Education

Maurice Quiroga of PNC Bank believes the first five years of a child's life are critical in long-term development.
PNC Bank

Early childhood programs have become a focus for those trying to improve the educational and social development of preschoolers. Finding what works has also been a key component in the attempts to lessen the achievement gap and other challenges some students in underserved communities experience later in life.

Students talk about racial issues during a panel discussion at Ritenour High School on Feb. 25, 2015.
Tim Lloyd | St. Louis Public Radio

(Updated 2:55 p.m., Wed., Feb. 25)

Students from across the St. Louis area regrouped this morning as a follow-up to a first of its kind race summit last month.  

At the initial event, students voted on what they thought was the best solution to bridge racial divides in the St. Louis area. The winning idea was to create a sister-school program. Students from matched schools would temporarily "exchange" schools as a way to build relationships and understanding.   

Charles Pearson, seated, talks with Superintendent Ty McNichols.
Dale Singer | St. Louis Public Radio

Former Normandy school Superintendent Ty McNichols, who resigned last month, will continue earning the balance of his $180,000 annual salary through the end of June in exchange for serving as a consultant for the district.

File photo

(Updated at 8:17 p.m. with reaction from Normandy and its interim superintendent)

In unusually strong language, a St. Louis County judge has ruled that Normandy schools are unaccredited and students who live in the district have a right to transfer to whatever area accredited school district they want to attend.

Joseph Davis, the newly selected superintendent of Ferguson-Florissant, gives students a round of applause, saying that they are the reason he's here.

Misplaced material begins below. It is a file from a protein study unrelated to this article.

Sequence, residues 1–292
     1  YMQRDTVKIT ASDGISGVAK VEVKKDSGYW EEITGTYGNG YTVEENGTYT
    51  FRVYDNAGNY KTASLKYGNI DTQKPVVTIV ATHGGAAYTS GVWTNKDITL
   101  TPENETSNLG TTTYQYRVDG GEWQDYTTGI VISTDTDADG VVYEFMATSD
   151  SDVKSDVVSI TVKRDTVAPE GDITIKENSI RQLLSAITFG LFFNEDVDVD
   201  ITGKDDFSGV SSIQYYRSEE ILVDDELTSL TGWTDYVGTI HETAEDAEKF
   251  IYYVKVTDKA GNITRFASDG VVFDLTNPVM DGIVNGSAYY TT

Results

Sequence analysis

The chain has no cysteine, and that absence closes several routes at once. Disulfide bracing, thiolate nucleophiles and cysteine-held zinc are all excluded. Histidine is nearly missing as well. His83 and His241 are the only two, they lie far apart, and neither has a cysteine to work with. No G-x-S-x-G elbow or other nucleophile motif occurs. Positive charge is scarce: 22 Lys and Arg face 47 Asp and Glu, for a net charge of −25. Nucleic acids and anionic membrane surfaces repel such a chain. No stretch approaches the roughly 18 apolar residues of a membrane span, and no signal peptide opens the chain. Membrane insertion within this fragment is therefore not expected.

Camille Phillips | St.Louis Public Radio

Updated at 8:00 p.m. to include details from Wednesday afternoon’s news conference.

Ferguson-Florissant school board president Rob Chabot officially introduced the district’s new superintendent Wednesday afternoon in front of a backdrop of Ferguson-Florissant students.

Mary Nelson
St. Louis Community College

In recent weeks, the Missouri Senate has considered the nomination of four lawyers to be members of the University Missouri Board of Curators, but only three of them won confirmation.

The fourth, Mary Nelson of St. Louis, was rejected by a committee vote. State Sen. Kurt Schaefer, R-Columbia, said that if she joined the board, that would mean that eight of nine curators – all but David Steward of St. Louis – would be lawyers. He said that would be too many members from one profession.

University of Missouri System President Tim Wolfe talks to 'St. Louis on the Air' host Don Marsh on Jan. 29, 2015, at St. Louis Public Radio in St. Louis.
File photo | Jason Rosenbaum / St. Louis Public Radio

Continuing his push to build backing for stronger financial support from the state, University of Missouri President Tim Wolfe said Friday that residents, industry and political leaders have to work together to make a convincing appeal.

“We’ve got to stop playing the blame game,” Wolfe told members of the UM Board of Curators in Columbia. “We’ve got to stop pointing fingers. We’ve got to stop looking in the rear-view mirror and start looking through the windshield.”

NathanReed / Flickr

Cheap living, a network of startup incubators and a couple of hometown success stories have raised St. Louis’ profile among investors looking to get in early on the next big thing.

Though much of the focus has been on financial services, the life sciences and agriculture, momentum is building in another field -- education. And even though plans are still being drawn up, an effort is underway to harness local startup energy toward improving classroom success.

At the same time, questions linger about what education should look like in the digital age.

Millennium Student Center at UMSL
Dale Singer | St. Louis Public Radio

Updated at 4:04 p.m. with more on the tuition debate:

Students at the University of Missouri will pay just 0.8 percent more in tuition and fees at the four-campus university system for the coming school year, but the school’s leaders say they need to get more money from the state so they can charge students less.

Entrance to Normandy High School campus
(via Google Maps screen capture)